First, let me start by hoping and praying that you and your family are doing well and are staying safe during these very uncertain times. I hope so and I hope that continues.
So much has changed in one month – worlds have literally been turned upside-down in the span of just 30 days.
After the longest economic expansion in our country’s ENTIRE HISTORY, the economy appears teetering in multiple areas, with a downward spiral that seems to be impacting EVERY sector from your favorite diner to funeral homes. In the span of weeks, there are more K-6th graders learning through Zoom/Google Duo/etc. “virtual classes” than there are in school halls and uncomfortable desks right now. New terms have gone from just being coined – to being part of everyone’s everyday speech: “social distancing”, “flatten the curve”, and “community spread”. And we all do our best to “play” epidemiologist – maybe this will only be a month, or perhaps another two or all Summer….maybe a second or third wave will come around, just like the Spanish Flu in 1918. Hell, even gas is back below $1.50 at the convenience store closest to my house.
The change has been exponentially fast and very few of us have been prepared in any capacity for it.
Yet, early on in this month, I came across a LinkedIn post (Meghan Michael - Owner, HR Navigator) that caught my eye. It was a commentary on “Why Veterans Are Valuable During Any Crisis”. It made some great points that have rung true with me since and have offered yet another reason why our efforts to recruit and retain military families to our community can truly be impactful – beyond just needed top-caliber talent and population growth.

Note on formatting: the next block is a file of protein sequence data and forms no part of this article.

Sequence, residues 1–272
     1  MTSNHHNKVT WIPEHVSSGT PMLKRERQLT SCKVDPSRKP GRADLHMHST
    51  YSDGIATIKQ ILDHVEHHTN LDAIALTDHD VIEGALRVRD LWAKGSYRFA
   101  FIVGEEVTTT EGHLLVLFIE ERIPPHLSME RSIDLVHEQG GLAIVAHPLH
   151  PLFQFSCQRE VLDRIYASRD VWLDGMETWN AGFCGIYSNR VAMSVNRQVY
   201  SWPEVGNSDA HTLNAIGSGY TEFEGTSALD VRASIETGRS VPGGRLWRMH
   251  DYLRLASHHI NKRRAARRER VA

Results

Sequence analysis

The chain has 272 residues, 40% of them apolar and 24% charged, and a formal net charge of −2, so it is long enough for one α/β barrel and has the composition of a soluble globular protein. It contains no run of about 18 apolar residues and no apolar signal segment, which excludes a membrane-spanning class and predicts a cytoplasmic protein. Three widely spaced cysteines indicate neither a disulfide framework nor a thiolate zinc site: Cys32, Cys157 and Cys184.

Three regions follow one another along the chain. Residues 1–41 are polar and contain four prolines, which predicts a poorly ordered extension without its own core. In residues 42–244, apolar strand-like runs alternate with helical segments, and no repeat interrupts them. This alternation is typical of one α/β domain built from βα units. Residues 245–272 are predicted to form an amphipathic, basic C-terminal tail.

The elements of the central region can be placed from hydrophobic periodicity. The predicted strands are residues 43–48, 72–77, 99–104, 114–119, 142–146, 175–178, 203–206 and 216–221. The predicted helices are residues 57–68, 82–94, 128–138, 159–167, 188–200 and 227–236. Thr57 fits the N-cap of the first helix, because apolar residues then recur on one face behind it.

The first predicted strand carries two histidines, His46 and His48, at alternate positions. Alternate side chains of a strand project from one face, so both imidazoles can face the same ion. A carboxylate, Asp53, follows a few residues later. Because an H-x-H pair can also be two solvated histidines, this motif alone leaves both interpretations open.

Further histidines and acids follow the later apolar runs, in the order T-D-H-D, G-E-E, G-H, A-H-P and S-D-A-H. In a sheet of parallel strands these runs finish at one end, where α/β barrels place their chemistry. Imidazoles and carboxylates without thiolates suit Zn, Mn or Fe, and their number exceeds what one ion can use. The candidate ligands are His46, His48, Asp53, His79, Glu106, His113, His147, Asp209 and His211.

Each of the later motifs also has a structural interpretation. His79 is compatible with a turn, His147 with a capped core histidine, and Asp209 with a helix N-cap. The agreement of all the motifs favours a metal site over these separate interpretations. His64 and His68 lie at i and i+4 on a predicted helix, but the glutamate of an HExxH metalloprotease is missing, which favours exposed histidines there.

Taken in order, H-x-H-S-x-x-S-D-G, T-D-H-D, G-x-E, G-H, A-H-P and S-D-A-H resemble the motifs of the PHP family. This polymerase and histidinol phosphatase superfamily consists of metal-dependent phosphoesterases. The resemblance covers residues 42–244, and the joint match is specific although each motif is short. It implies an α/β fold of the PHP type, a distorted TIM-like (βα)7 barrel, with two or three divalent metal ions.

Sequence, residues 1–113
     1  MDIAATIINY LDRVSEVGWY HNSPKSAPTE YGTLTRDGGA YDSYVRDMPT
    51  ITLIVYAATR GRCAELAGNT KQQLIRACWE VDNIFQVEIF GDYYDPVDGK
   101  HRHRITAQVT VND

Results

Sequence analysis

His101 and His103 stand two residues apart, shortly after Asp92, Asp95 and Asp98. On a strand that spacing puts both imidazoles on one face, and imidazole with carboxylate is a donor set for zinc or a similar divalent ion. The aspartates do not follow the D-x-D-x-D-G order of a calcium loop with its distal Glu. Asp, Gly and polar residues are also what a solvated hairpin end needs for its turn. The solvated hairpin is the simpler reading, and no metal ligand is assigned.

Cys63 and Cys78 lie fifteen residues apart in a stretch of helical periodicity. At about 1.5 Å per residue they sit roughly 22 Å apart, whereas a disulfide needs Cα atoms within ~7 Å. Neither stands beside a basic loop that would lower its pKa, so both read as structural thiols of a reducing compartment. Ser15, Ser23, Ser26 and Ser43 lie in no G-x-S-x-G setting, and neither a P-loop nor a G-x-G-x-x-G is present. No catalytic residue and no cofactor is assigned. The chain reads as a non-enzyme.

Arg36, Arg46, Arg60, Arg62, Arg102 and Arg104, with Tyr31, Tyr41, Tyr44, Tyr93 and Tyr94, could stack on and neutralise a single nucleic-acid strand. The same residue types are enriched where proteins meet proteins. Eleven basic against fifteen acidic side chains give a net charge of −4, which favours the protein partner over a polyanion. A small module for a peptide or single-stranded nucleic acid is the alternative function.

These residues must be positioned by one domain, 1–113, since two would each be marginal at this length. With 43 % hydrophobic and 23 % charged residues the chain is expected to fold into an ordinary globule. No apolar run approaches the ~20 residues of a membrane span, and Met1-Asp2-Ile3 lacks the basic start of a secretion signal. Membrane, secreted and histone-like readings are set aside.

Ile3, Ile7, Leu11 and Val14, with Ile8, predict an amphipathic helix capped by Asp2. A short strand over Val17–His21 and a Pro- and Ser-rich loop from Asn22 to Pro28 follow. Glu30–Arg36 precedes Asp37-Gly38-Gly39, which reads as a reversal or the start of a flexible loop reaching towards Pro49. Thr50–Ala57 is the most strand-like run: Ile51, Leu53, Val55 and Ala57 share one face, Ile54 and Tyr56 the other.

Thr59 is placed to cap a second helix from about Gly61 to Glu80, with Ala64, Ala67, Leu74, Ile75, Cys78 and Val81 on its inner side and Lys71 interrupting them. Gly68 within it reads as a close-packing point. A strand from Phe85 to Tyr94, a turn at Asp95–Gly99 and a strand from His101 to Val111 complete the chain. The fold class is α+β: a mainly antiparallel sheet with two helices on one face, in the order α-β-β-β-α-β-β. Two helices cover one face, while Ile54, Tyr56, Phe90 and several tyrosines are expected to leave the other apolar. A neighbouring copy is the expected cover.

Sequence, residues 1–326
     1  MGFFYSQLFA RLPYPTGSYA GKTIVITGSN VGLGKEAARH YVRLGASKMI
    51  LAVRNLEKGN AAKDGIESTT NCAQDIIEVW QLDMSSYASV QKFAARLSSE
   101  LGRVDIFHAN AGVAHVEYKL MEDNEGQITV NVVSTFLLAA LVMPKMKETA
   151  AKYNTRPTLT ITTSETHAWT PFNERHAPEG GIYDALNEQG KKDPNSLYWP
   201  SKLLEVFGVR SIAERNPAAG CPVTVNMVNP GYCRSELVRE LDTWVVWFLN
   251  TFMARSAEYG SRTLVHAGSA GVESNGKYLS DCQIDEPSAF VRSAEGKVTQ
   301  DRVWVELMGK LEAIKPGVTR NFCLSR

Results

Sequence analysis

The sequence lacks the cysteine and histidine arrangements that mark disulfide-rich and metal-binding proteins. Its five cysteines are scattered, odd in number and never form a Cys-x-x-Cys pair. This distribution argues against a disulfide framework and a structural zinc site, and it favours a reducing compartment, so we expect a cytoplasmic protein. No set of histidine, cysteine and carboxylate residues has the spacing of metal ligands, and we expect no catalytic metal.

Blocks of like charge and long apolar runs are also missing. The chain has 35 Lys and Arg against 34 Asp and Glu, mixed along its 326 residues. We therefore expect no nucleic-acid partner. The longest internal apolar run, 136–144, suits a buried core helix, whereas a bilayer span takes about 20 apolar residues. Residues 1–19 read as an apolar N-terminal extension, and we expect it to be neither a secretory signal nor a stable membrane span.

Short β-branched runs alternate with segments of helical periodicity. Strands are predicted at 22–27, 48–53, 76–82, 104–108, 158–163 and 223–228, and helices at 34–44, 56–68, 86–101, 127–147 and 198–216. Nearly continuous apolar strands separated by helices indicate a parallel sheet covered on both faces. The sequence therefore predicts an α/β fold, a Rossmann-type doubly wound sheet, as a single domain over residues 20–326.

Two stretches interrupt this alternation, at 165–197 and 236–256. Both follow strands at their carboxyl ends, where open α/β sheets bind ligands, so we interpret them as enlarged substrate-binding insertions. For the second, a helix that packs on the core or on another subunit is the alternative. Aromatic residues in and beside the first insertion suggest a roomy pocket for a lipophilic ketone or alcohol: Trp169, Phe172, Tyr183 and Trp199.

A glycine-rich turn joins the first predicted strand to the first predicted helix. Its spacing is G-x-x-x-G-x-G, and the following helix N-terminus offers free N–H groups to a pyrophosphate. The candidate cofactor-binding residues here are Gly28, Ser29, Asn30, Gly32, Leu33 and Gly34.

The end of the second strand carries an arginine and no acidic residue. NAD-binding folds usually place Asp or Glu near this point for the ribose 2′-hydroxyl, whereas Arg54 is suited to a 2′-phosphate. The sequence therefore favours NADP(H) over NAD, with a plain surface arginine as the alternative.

Veterans are used to planning for the worst case scenarios…and flexing throughout the emergency
Veterans have many important events during their service, so being inconvenienced for a few weeks or months is nothing new to them.
We know which leaves can be used as, well you know, TP….
Many military veterans have been in way worse situations and are ALWAYS thankful for what they have
Veterans can always, ALWAYS find humor in the chaos, frustration and scary times.
Think of the many veterans in your life – do many of them embody these “essential” qualities?
I know for myself – even without a military background and that shared experience – the qualities of adaptation, getting the job done in tough conditions and even the gallows humor seem ever-present in the many active duty or veterans I come across.
This list further reminds me of some research I had done several years ago as we were piecing together an unsuccessful grant (did not get the money, but got to use it in a blog article. Boom!).
According to the 2017 Veterans Civic Health Index, veterans demonstrate higher levels of engagement than non-veterans on all civic health indicators. For three consecutive years, the data revealed that veterans are more likely than non-veterans to vote, contact public officials, volunteer, give to charity, work with neighbors to fix problems in the community, and attend public meetings. In essence, veterans are returning home to strengthen America’s communities - they are thinking globally and acting locally as leaders and civic assets.
I heard a phrase once – “who would you want in a foxhole with you?” – implying who would you want with you when the challenges seem insurmountable, you are potentially surrounded and you need someone to safeguard you and them in return? In times like these and really every day, I suspect many of us would say – a veteran.